Brow Beat

The Week in Culture, “And All the Girls Dreamed That They’d Be Your Partner” Edition

Cate Blanchett and Rooney Mara in Carol.
Still of Cate Blanchett and Rooney Mara in Carol.

Photo courtesy of StudioCanal

In this, the historic week when Carly Simon provided the world with closure in the decades-old mystery of just who she was singing about in “You’re So Vain”—to promote her memoir, naturally—we meditate on the doomed love affairs that artists transform into work we love.

A younger woman being taken in by an older, more experienced lover: not just the story of “You’re So Vain” but also the plot of Carol, the awards-bait period drama of an illicit romance between Rooney Mara and Cate Blanchett. Slate’s Dana Stevens writes that the Todd Haynes film “submerges … the viewer in a richly detailed and aesthetically complete universe whose deliberate artificiality is part of the point.” Meanwhile, J. Bryan Lowder praises its depiction of the unspoken recognition that comes with queerness, June Thomas finds that its older woman–younger woman dynamic rings true, Louis Jordan reveals the story of the screenwriter who fought to get the movie made, Claire Landsbaum explores the history of lesbian movies, and Stephanie Fairyington chides Blanchett, not for her performance but for some of her public statements around it.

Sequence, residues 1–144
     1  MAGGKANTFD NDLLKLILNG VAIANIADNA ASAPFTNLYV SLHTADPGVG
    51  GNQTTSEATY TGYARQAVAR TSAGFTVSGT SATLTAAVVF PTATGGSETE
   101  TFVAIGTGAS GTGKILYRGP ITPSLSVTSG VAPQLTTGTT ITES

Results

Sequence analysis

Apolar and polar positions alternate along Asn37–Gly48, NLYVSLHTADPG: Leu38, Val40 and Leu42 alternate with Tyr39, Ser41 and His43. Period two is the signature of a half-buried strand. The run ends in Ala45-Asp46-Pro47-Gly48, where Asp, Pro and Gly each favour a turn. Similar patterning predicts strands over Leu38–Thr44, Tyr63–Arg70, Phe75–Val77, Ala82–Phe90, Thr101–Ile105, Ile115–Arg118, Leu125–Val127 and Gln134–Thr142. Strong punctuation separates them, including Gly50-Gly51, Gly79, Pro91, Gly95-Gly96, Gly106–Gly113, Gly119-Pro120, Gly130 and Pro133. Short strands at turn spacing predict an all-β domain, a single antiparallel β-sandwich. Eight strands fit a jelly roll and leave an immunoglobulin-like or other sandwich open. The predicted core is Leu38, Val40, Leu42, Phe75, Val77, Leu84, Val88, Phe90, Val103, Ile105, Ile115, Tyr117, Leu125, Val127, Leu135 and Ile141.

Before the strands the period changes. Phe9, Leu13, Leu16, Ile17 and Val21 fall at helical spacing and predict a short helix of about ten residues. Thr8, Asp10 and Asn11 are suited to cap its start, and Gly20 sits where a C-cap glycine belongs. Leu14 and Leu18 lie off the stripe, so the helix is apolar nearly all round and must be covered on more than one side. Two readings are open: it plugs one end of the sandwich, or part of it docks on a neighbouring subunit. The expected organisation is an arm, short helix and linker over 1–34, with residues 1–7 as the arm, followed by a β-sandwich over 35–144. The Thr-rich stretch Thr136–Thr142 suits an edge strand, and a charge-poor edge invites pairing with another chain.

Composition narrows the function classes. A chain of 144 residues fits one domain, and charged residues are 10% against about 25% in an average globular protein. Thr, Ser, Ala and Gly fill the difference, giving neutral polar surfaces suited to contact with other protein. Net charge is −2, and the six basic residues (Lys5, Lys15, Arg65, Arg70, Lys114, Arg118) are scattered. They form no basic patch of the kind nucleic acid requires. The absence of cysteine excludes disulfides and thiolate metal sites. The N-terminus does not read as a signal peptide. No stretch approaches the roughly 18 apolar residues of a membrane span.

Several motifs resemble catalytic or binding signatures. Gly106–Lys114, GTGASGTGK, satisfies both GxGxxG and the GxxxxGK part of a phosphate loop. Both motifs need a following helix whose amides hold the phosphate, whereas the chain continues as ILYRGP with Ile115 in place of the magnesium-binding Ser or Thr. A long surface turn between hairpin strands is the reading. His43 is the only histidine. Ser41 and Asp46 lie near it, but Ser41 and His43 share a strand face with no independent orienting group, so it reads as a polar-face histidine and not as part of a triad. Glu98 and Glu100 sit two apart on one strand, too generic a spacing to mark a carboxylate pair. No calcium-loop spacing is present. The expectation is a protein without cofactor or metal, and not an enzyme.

Another woman who knows a thing or two about doomed love affairs is Adele, who returns to the fold with 25 this week, projected to become the fastest-selling album of all time. Here, Forrest Wickman broke it down track by track. Adele is growing up, and so are Justin Bieber and the heartthrobs of One Direction—reviewing their new releases, Carl Wilson notes that the center of pop gravity has shifted to women. I bet they (still) think this Billboard chart is about them.

And of course the one cinematic romance that never, ever had a chance: the one between hapless thieves the Wet Bandits and the possessions of the McAllister family. It’s the 25th anniversary of Home Alone, so Alan Siegel interviewed the film’s production designer and cinematographer about how they shot the film’s climactic final sequence, described memorably as “a kids’ version of Straw Dogs.”

A few more clouds in our coffee:

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